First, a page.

Wednesday, March 9, 2011

Chocolate Sponge Cake Roulade with Chocolate Ganache... AKA Giant Homemade Ho Ho

Kate has been having some serious pregnancy cravings... lots of fruit, lots of sugar... and for the last couple weeks she's been talking about those tasty childhood favorites: Ho Hos.
I told her I could make a homemade version, and since her birthday is this week, so I took the opportunity to give it a try. I searched the internets for a homemade Ho Hos recipe, but all of the recipes I found had poor reviews or the cooks were having trouble executing them without having them fall apart. Ho Hos are really just thin chocolate cake rolled up with a creamy filling and coated in a layer of chocolate, though, so I went to a reliable source for a recipe for a chocolate sponge cake roulade with chocolate ganache. Basically a fancified, giant Ho Ho. Super fluffy flourless cake, lightly sweetened whipped cream, silky ganache. Yum.

Tuesday, March 8, 2011

Chicken Stroganoff

Tim is making his annual March pilgrimage to the a Pogues concert at 9:30 Club, so I decided to cook a mushroom dish while he's gone (he's not a mushroom lover). Beef Stroganoff is one of my all-time favorites, but I'm a little beefed out these days, so I made a chicken Stroganoff instead. Not quite as awesomely delicious as the beef version, but pretty tasty!

Grilled Cheese and Tomato Soup

I had a hankering for some tomato soup today, so I went and found this very delicious tomato soup by the Other Martha. Meg and I had bought this soup from Costco a year ago or so, but were never able to find it again. From what I remember my homemade version is pretty good and similar to the Costco version. Also made a yummy grilled cheese with cheddar and Boursin cheese, got the idea from Red Derby.

Sunday Dinner Sliders

Sunday Sunday Sunday....sliders! Tony took the lead this week and made three different types of sliders: meatball, cheeseburger, and chicken ranch. There was also a very tasty chipotle mayo. The chicken ranch sliders came from a cookbook that Tony's parents gave him, Knights Around the Table: Volume 2.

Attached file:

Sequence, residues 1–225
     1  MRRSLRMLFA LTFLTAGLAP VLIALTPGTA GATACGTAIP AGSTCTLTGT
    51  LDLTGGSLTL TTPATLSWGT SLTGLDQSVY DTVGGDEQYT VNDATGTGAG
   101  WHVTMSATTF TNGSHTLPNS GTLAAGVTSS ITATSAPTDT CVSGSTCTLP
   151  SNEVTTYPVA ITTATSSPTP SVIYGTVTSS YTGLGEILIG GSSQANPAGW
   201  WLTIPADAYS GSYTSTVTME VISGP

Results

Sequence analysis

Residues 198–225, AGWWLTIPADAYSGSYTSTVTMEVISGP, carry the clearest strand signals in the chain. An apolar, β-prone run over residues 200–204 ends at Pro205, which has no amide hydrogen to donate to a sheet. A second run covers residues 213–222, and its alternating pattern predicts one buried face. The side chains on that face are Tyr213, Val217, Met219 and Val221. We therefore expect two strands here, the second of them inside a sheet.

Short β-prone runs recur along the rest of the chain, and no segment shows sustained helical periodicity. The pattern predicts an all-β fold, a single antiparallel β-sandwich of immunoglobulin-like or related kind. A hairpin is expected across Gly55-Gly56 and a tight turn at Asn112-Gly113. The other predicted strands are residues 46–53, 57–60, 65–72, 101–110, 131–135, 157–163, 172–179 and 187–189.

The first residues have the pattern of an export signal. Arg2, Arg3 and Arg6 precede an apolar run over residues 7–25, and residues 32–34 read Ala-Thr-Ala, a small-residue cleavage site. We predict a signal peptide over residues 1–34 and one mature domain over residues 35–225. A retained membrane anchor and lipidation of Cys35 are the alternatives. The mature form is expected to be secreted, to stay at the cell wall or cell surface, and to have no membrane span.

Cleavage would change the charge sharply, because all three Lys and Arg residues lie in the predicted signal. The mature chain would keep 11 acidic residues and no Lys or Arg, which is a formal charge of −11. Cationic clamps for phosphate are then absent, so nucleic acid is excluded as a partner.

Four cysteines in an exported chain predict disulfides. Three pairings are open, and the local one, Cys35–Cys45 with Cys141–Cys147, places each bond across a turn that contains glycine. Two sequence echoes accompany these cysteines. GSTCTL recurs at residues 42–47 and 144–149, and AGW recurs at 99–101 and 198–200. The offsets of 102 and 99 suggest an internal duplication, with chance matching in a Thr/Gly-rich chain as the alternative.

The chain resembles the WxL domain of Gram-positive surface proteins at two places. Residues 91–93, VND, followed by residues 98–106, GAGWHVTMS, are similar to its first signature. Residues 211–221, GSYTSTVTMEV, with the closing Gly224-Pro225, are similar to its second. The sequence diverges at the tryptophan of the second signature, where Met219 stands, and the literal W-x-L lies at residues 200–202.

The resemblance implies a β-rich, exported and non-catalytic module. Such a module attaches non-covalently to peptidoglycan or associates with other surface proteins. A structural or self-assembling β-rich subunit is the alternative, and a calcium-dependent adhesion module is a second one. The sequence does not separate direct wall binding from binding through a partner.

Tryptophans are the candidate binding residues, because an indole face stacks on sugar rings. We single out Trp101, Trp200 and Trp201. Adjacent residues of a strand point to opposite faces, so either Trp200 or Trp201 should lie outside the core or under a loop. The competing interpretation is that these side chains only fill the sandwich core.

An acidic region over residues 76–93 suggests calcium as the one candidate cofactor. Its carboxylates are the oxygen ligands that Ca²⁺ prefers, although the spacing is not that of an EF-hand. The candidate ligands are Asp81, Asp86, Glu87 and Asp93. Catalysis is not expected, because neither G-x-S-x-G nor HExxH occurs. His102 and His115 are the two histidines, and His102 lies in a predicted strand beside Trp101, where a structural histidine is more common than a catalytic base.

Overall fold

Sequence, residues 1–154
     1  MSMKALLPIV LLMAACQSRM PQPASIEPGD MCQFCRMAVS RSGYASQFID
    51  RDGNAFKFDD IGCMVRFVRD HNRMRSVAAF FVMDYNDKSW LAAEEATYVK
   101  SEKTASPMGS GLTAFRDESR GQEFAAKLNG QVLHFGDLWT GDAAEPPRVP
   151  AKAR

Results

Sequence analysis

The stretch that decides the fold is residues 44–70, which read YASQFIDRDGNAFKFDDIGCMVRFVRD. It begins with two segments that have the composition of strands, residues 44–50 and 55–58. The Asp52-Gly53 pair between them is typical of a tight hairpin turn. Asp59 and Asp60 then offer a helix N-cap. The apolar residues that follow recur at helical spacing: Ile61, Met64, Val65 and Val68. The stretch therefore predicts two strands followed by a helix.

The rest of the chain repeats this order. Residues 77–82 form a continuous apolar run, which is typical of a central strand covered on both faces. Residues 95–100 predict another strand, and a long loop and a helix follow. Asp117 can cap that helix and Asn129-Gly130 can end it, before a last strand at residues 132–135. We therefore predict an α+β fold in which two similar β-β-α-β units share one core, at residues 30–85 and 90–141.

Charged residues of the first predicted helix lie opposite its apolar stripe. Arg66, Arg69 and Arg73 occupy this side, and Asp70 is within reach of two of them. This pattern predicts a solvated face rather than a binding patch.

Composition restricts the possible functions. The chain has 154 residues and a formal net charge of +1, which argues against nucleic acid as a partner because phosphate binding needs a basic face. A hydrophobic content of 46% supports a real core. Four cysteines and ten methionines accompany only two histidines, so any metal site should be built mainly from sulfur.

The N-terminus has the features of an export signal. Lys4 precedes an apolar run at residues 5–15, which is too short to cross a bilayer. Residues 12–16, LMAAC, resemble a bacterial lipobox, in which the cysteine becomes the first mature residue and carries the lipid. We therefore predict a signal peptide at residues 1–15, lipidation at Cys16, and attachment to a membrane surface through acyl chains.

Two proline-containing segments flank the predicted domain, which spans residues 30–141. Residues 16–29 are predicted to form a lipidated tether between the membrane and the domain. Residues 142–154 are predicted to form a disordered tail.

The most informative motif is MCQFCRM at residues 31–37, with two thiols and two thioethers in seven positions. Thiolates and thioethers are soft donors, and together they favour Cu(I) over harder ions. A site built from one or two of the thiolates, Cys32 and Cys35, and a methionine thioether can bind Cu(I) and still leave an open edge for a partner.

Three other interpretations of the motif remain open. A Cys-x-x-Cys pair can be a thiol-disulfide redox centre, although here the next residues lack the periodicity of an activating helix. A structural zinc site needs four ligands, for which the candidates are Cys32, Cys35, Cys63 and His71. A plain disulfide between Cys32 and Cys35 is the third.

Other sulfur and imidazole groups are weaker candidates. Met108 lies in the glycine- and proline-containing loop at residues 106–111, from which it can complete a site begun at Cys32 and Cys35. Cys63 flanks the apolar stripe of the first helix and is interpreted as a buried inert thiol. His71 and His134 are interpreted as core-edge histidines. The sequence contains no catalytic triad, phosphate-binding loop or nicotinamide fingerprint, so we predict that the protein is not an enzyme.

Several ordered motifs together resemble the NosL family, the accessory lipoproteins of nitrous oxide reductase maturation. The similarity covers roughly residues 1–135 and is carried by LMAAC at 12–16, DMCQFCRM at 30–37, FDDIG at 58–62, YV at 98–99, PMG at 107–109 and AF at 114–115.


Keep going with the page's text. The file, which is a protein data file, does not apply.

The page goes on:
Ranch-Style Chicken Burgers:

1lb. lean ground chicken
1/4 tsp garlic powder
1/2 tsp Tabasco sauce
1/2 tsp seasoned salt
1/2 tsp black pepper
1 T cilantro, finely minced
2 T Ranch salad dressing

Tony also added 1/3 cup bread crumbs and subtracted 2 T diced green chile peppers

Ricotta- and Berry-Filled Crepes

O'Brien and Brewster came over this past rainy Sunday for brunch. The Real Martha had given me a gift basket she received that had crepe mix in it, so I decided to bust it out for the occasion. I know it's cheating to use a crepe mix, but I made up for it by making the ricotta with which the crepes were stuffed, right?

The ricotta-making went very well... the curds formed and hung together better than last time I made it. Perhaps my cheese-making skillz are improving?
For the crepe stuffing, I mixed the ricotta with some lemon and orange zest, a couple squirts of honey, some toasted almonds, and fresh blueberries and raspberries. Then I topped the stuffed crepes with a blueberry raspberry sauce (frozen blueberries and raspberries, a little sugar, a little water, a little lemon juice, simmer, puree). Pretty good! I think next time I would mix some sour cream or something creamy into the stuffing to give it some more moisture. That's probably my only complaint, though. The flavor was pretty good!

Sunday, March 6, 2011

Split Pea Soup with Bacon, with Whole Wheat Pita

I don't think I'd ever had split-pea soup until I made this recipe. For some unknown reason, I bought a bag of split peas at the grocery store last week, so I gave the soup a try.
While split pea soup is traditionally made with ham hocks, they kinda weird me out. As an alternative,I gave my soup a salty, smokey base by cooking a couple slices of bacon in the pan, removing them, and then cooking the onion, garlic and carrot in the bacony grease. Then I served the soup topped with the crispy bacon bits. Delicious!